Pellissippi State Community College and Cumberland University saw increased enrollment and degree completion in the four years since Tennessee Promise, the state’s flagship community college access program, was launched, according to studies by the University of Tennessee, Knoxville’s Postsecondary Education Research Center. The center is part of the Department of Educational Leadership and Policy Studies in UT’s College of Education, Health, and Human Sciences.
The reports are the first two in a series to examine the impact of the Tennessee Promise program at specific institutions of higher education across the state.
“This research is important because we know that higher education benefits individuals and society in terms of better earnings, health, and life outcomes,” said Lisa Driscoll, associate professor of educational leadership and policy studies, who conducted the studies. “This analysis shows that Tennessee Promise increases initial access to these institutions and that retention and degree completion by these students are greater than for previous classes. Future studies linking participation in Tennessee Promise to life outcomes and workforce development can help policymakers understand the added value of such programs.”
The last-dollar scholarship and mentoring program was launched in fall 2015, guaranteeing high school graduates five consecutive semesters of free tuition at the state’s 13 community colleges, 27 colleges of applied technology, and other eligible institutions.
At Pellissippi State Community College, enrollment of first-time, full-time freshmen increased 25 percent in the first semester of the Tennessee Promise program and 40 percent by the fall of 2018, when the program’s fourth cohort of freshmen entered PSCC. Over the course of the program, the college has also seen an increase in under-represented minority student enrollment. Enrollment of African American students increased from 5 percent in the fall 2015 cohort to 6.4 percent in fall 2018, and Hispanic student enrollment grew from 4.4 percent to 5.9 percent over the same period.
“Tennessee Promise increases access to higher education for many Tennessee high school graduates. Access is vitally important because it allows our young adults whose major barrier to attending higher education is money for tuition and fees to move forward in developing valued skills and credentials,” said Driscoll.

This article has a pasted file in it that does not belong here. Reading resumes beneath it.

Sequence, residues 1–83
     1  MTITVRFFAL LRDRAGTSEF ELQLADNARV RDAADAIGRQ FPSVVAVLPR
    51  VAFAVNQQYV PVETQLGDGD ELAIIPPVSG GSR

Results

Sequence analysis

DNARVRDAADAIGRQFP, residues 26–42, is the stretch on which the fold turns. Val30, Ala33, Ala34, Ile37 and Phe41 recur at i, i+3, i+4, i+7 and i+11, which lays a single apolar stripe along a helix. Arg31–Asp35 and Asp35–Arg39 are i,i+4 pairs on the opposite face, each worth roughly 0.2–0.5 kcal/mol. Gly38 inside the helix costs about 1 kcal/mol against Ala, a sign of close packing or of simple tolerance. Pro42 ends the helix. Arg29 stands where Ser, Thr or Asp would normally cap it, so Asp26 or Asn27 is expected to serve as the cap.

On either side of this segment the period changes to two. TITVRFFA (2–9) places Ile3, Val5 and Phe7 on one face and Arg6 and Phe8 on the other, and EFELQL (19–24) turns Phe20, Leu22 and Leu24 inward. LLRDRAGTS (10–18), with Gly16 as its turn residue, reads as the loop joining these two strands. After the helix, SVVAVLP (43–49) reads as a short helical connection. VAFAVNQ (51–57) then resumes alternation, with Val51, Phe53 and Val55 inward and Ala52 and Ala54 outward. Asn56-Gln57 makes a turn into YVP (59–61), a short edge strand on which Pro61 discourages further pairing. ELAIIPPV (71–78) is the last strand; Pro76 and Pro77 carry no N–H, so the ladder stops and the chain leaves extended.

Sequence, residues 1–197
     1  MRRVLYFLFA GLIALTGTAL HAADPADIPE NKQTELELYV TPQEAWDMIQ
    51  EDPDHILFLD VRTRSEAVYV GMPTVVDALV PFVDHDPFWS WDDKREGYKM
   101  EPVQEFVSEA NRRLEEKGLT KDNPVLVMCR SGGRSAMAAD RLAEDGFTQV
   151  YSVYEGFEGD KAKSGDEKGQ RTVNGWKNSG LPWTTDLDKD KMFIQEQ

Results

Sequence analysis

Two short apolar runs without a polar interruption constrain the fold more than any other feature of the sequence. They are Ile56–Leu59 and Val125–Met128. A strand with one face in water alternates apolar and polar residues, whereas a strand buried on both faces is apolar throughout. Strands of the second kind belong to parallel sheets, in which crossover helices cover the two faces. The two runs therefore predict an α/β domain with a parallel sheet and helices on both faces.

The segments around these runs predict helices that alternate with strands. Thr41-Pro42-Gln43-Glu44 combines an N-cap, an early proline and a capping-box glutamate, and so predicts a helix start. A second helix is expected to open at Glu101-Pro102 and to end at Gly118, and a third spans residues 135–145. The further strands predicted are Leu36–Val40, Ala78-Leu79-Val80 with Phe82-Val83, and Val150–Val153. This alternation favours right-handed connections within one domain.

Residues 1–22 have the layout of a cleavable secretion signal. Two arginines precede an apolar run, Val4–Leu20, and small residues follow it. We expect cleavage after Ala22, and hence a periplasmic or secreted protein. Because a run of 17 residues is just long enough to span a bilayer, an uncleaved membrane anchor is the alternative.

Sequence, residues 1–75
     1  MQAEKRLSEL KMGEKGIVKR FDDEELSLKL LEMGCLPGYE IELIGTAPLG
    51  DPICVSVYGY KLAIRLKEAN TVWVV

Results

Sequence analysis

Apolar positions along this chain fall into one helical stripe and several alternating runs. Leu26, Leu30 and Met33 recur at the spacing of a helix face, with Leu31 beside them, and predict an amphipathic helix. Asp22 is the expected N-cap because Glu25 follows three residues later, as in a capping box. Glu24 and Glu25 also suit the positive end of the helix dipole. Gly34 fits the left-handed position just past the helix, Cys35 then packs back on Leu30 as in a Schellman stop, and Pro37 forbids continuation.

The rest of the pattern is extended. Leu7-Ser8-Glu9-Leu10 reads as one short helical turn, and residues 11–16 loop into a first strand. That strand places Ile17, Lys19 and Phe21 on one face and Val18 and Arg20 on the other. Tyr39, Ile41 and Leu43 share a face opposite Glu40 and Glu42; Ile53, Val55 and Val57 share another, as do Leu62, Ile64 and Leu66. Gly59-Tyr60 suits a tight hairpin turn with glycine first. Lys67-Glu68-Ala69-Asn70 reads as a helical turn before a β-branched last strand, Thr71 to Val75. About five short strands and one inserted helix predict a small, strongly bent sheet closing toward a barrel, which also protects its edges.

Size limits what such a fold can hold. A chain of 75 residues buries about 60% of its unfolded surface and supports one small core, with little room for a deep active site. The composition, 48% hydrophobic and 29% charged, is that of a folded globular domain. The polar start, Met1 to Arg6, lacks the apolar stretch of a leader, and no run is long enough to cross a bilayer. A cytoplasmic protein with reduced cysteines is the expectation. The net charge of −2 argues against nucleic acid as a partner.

The study also found that students enrolled in Tennessee Promise take more credit hours in their first semester and are more likely to attain a certificate or degree than other students. In the first cohort of first-time, full-time students, 23 percent of those who were enrolled in Tennessee Promise completed their program in five semesters, compared to 7.6 percent of students not enrolled. That same cohort had a three-year associate’s degree completion rate of 30.1 percent, compared to a 23.5 percent completion rate for both certificates and associate’s degrees for students who entered in fall 2014, the year before Tennessee Promise was launched.
At Cumberland University, an independent college in Lebanon that offers eight two-year associate’s degrees, 1,067 students have benefited from Tennessee Promise. The number of first-time, full-time students enrolled in Tennessee Promise grew from 68 in the first year to 414 in the fall of 2018.
Over the course of the four years, the percentage of Tennessee Promise students from underrepresented communities also grew at Cumberland University. Hispanic enrollment grew from 1.5 percent to 5.6 percent, African American enrollment grew from 4.4 percent to 5.1 percent, and Native American and Asian student enrollment grew from less than 1 percent each to 1.7 percent and 1.2 percent, respectively.
Among the first cohort of Tennessee Promise students at Cumberland University, 44.9 percent completed their associate’s degree in the first five semesters, compared to 23.6 percent across the state. In the second cohort, more than half of the Tennessee Promise students completed their associate’s degree. Cumberland also retained a higher percentage of Tennessee Promise students for each of the five semesters than statewide averages.
The mission of the Postsecondary Education Research Center is to identify, conduct, and coordinate research on initiatives and ideas designed to enhance education at the institutional, state, and national levels to enhance policy and practice. The center evaluates and recommends effective strategies to improve student graduation outcomes and reduce student debt at graduation, develops strategies for more effective use of financial aid, and examines measures such as microgrants to encourage retention of low-income students. UT Chancellor Emeritus Jimmy G. Cheek serves as the center’s director.
The full report is available on the center’s website.
Media coverage: Knoxville News Sentinel: Pellissippi State, Cumberland University Saw Higher Enrollment, Degree Completion With Tennessee Promise (also in the Tennessean); WATE: Study: Tennessee Promise Increasing Enrollment; WBIR: Study: TN Promise Increases Enrollment; WVLT: Study: Tenn. Promise Students More Likely to Receive Degrees Over Other Students; WUOT: Pellissippi Sees Higher Enrollment and Completion Under Tennessee Promise
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